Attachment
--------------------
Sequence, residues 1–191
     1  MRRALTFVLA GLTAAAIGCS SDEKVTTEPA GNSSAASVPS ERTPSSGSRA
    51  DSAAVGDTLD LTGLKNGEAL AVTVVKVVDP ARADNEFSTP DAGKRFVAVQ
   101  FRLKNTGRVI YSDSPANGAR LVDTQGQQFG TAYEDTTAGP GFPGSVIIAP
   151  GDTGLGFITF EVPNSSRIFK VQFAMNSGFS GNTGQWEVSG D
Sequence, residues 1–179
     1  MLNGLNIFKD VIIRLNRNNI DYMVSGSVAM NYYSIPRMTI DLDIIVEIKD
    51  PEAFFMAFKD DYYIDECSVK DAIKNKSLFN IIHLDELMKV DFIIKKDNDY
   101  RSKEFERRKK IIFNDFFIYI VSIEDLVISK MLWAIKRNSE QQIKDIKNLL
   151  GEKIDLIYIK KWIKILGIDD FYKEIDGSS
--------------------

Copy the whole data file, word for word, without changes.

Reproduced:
Sequence, residues 1–191
     1  MRRALTFVLA GLTAAAIGCS SDEKVTTEPA GNSSAASVPS ERTPSSGSRA
    51  DSAAVGDTLD LTGLKNGEAL AVTVVKVVDP ARADNEFSTP DAGKRFVAVQ
   101  FRLKNTGRVI YSDSPANGAR LVDTQGQQFG TAYEDTTAGP GFPGSVIIAP
   151  GDTGLGFITF EVPNSSRIFK VQFAMNSGFS GNTGQWEVSG D
Sequence, residues 1–179
     1  MLNGLNIFKD VIIRLNRNNI DYMVSGSVAM NYYSIPRMTI DLDIIVEIKD
    51  PEAFFMAFKD DYYIDECSVK DAIKNKSLFN IIHLDELMKV DFIIKKDNDY
   101  RSKEFERRKK IIFNDFFIYI VSIEDLVISK MLWAIKRNSE QQIKDIKNLL
   151  GEKIDLIYIK KWIKILGIDD FYKEIDGSS